well said, Mitch. I can’t wrap my head around structuring creativity so much the art is choked from it. I am a sculpture and painter as well and it all started with my gut, my eyes merely interpreting what was there. I think that’s why I struggle with words so  much. They’re supposed to make sense. aaack!

        • Thank you, Meredith. I’m glad that you shared your passion for sculpting and painting. Your poetry reflects those aspects. You need not worry about making sense. Because your poems do make sense.
          I think you simply mean that you struggle to mold the words into the story that’s waiting to get out. CCC really, really helps me with that. I sometimes joke that I wouldn’t have a story if it were not for those ten little words.

  3. Diane Krause says:

    “Just cut to the chase, would you? I don’t have all night.”
    “You are so rude, Eddie. I don’t know why I even try to talk to you anymore. Asshole.” 
    “Oh, cut the pity crap, Violet, and just get to the point. You know I — What the hell?! That guy just took my parking space!”
    Eddie slammed on the brakes, threw his car in park, and sprang from the vehicle, marching over to seek his justice.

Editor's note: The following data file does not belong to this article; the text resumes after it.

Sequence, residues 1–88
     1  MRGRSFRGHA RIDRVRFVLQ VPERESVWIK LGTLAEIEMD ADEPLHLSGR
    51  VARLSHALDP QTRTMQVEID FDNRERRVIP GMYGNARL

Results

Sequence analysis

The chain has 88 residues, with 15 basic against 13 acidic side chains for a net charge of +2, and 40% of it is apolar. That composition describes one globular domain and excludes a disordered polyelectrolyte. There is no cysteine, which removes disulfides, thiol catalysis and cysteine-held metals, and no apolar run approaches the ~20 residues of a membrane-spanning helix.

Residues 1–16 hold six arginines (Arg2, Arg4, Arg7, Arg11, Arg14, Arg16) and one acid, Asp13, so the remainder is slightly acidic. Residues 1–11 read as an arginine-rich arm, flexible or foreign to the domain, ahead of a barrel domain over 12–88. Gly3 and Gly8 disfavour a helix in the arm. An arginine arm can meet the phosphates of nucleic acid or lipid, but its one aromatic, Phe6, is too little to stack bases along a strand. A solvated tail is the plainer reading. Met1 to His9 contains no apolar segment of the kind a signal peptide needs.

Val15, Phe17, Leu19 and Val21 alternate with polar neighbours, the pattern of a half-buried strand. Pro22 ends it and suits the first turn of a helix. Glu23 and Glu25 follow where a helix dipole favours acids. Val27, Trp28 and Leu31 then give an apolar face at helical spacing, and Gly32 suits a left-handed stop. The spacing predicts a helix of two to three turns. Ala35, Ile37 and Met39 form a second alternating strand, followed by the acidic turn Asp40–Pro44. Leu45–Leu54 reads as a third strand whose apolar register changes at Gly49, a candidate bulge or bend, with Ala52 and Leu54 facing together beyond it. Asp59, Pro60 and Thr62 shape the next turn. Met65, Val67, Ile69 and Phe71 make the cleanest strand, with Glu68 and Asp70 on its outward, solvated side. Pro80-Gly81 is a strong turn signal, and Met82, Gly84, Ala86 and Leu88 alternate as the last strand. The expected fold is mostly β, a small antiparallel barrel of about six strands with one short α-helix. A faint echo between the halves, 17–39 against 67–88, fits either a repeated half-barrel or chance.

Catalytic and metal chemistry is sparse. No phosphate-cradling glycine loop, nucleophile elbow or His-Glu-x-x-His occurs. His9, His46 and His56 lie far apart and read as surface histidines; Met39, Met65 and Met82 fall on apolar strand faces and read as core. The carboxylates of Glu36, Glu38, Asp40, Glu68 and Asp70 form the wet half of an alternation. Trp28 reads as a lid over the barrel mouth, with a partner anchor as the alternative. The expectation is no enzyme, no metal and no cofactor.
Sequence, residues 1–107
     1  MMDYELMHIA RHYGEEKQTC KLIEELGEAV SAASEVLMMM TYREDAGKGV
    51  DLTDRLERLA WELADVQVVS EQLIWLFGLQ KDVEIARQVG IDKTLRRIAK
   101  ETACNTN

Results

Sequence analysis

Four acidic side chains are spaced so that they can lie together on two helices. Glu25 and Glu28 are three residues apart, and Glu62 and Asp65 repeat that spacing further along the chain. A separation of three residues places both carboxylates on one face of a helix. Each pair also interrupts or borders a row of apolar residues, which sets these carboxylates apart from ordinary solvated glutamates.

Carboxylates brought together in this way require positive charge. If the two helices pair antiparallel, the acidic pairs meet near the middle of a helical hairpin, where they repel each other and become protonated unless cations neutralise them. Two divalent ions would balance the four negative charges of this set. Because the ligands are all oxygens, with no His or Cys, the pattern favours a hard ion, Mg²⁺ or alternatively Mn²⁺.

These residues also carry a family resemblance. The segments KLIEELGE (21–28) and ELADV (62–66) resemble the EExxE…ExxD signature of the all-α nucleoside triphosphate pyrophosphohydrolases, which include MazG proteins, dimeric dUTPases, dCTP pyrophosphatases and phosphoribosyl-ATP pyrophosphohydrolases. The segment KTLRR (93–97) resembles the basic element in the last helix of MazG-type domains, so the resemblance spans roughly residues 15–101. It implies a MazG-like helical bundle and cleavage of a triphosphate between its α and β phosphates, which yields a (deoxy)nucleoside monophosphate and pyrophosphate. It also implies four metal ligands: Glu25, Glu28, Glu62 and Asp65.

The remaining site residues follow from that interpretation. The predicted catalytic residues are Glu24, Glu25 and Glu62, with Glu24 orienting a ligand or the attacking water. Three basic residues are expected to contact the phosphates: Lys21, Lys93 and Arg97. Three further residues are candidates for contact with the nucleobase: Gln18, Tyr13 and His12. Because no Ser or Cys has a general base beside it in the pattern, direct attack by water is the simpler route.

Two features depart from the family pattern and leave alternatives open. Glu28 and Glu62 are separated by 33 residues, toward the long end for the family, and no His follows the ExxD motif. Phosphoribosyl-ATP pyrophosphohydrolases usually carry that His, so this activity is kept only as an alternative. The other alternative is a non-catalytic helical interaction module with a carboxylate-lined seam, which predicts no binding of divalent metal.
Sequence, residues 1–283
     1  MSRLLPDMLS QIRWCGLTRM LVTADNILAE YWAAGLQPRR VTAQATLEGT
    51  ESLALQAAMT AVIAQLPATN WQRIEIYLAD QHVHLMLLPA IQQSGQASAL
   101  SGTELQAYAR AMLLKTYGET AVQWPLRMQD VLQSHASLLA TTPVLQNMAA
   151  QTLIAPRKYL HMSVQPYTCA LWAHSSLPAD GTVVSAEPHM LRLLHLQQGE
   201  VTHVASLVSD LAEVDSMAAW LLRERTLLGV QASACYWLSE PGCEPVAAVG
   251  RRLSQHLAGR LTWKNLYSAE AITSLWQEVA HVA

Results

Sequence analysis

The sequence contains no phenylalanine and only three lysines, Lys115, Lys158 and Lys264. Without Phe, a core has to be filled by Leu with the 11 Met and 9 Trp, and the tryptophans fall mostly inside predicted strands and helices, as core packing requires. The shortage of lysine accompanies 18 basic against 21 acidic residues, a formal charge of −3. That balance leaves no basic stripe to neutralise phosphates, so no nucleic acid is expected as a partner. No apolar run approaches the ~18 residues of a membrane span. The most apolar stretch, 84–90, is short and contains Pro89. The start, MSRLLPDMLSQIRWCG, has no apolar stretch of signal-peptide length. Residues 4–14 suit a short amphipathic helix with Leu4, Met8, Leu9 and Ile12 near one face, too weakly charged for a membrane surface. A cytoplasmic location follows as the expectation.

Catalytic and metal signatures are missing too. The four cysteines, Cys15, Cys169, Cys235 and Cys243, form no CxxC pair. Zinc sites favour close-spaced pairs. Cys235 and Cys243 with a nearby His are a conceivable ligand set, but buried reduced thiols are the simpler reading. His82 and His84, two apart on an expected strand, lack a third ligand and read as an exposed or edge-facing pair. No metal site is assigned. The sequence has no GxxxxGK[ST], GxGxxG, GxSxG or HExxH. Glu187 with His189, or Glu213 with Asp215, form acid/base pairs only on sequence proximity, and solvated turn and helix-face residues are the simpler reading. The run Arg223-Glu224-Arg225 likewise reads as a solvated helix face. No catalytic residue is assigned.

“Hey, ****-face, that was MY parking space. What do you think you’re doing?”
    The Offender had just locked his car door and turned to face his accuser. His gaze, though, rested squarely on the big blue eyes of Violet, who stood directly behind Eddie. 
    “Well, hello,” said The Offender. “I’m Bond. James Bond. And who might you be?”
    The Offender’s voice made Violet’s knees quake, and sent a shudder through her insides. 
    “Violet. Violet Marchmellow.”
    “And she’s MINE,” Eddie interjected. “Didn’t you hear me? That was MY parking space, and this is MY girl. Who the hell do you think you are?” 
    “I believe my introduction was complete,” replied Bond, The Offender, “and I will be more than happy to return your property, provided you can provide accurate proof of ownership. Otherwise, I belive, sir, that your outcry of injustice may be unwarranted.” 
    Eddie’s rage exploded, and he rushed at Bond, The Offender, swinging the 7-Iron he gripped firmly in his right hand. However, Eddie found himself outsmarted and out-gunned, and in an instant, he was flat on his back, with stars in his eyes and a massive lump taking shape on the back of his head. 
    “May I suggest,” said Bond, standing over him, “that in the future, you hold your elbow closer in, turn your club to the outside, and be a bit less overt with your macho bravado. Perhaps then you will be a more worthy opponent.”